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Re: What a Conlanger am I!!!

From:Matthew Pearson <matthew.pearson@...>
Date:Thursday, October 4, 2001, 18:22
--- David Peterson wrote:
    In the first, whoever "they" is, they're all going to the store together
in one direction.  However, in the phrase "they" talk, you can assume that
(a) they're talking to each other, and (b) they're taking turns.  Why is
that?  We'd use the same phrase to describe seven people all talking at once
to a wall.  So, my dream marker is one that attaches to the verb that
indicates the action goes on between the members of the subject.  (Something
like inferrent, only concrete?)

go (pres)=mina:s
allative ending= -u
talk (pres)=goli:s
"Inferrent" marker= -en

So, the two sentences above are:

1.) sam mina:s bastaku.
2.) sam goli:sen.

    What do you think?  Does this already exist somewhere?  Have I reinvented
yet another wheel?
--- end of quote ---

If what's crucial is that the members of the subject are acting upon each other,
then you've got yourself a reciprocal ("each other") construction. Malagasy,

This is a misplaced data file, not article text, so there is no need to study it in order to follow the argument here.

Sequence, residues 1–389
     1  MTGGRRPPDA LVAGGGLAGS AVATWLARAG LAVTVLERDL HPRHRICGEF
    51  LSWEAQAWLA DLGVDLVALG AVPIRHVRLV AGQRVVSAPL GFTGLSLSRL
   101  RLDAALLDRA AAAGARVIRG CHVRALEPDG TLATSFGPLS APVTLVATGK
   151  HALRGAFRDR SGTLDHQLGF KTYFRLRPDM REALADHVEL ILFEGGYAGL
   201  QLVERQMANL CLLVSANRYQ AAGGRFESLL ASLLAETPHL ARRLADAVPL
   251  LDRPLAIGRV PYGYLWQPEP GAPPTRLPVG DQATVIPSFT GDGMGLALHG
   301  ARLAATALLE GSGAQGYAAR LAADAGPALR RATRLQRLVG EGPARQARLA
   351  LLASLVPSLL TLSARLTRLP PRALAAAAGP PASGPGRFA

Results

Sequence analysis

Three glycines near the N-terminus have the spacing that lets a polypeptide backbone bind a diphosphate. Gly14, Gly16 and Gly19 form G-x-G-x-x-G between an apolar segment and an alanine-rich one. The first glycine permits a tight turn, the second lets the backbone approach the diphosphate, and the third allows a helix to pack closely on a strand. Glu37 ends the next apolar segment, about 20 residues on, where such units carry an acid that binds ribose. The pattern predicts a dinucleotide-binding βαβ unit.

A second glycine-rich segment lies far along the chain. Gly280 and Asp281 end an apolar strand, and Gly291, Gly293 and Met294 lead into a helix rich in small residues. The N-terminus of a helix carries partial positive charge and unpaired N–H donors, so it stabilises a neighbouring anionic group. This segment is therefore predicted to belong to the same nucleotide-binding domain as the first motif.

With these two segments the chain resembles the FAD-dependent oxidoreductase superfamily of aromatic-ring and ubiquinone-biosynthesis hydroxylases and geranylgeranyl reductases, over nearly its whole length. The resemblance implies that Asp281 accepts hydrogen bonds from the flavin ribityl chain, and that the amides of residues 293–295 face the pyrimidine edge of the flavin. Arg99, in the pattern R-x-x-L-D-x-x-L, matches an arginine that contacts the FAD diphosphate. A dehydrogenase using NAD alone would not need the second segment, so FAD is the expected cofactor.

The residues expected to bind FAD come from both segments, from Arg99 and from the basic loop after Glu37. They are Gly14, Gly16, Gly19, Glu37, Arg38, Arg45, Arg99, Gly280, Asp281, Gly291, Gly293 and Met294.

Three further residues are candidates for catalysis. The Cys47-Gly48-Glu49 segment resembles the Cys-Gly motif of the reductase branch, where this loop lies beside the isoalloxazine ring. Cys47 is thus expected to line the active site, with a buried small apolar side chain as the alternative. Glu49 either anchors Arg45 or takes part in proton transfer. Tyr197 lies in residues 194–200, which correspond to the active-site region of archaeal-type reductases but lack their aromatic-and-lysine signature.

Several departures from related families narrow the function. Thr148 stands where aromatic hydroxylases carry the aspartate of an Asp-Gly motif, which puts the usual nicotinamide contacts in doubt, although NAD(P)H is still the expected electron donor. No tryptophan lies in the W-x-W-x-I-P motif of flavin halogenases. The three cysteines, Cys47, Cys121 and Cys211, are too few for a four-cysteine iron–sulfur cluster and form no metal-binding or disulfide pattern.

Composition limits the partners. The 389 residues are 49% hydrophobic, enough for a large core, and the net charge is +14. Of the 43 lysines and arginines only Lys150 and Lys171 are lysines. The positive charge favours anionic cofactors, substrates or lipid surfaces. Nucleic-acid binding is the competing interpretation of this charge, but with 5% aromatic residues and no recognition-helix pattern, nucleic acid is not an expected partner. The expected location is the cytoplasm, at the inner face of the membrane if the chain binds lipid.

like many other languages, marks this by means of an affix:

  miresaka = "talk, converse"
 mifampiresaka = "talk to each other" (I *think* that's the right form; don't
have my dictionary handy)

If what's crucial is that the participants are taking turns, rather than all
performing the action at the same time, then perhaps "-en" could be called a
distributive marker. What if you had a group of people who were each going to
the store individually, one after the other? Could you say "Sam mina:sen

If reciprocity and taking turns are both important, then perhaps "-en" could be
called a distributive reciprocal suffix.


Matt Pearson
Department of Linguistics
Reed College
3203 SE Woodstock Blvd
Portland, OR 97202 USA
ph:  503-771-1112 (x 7618)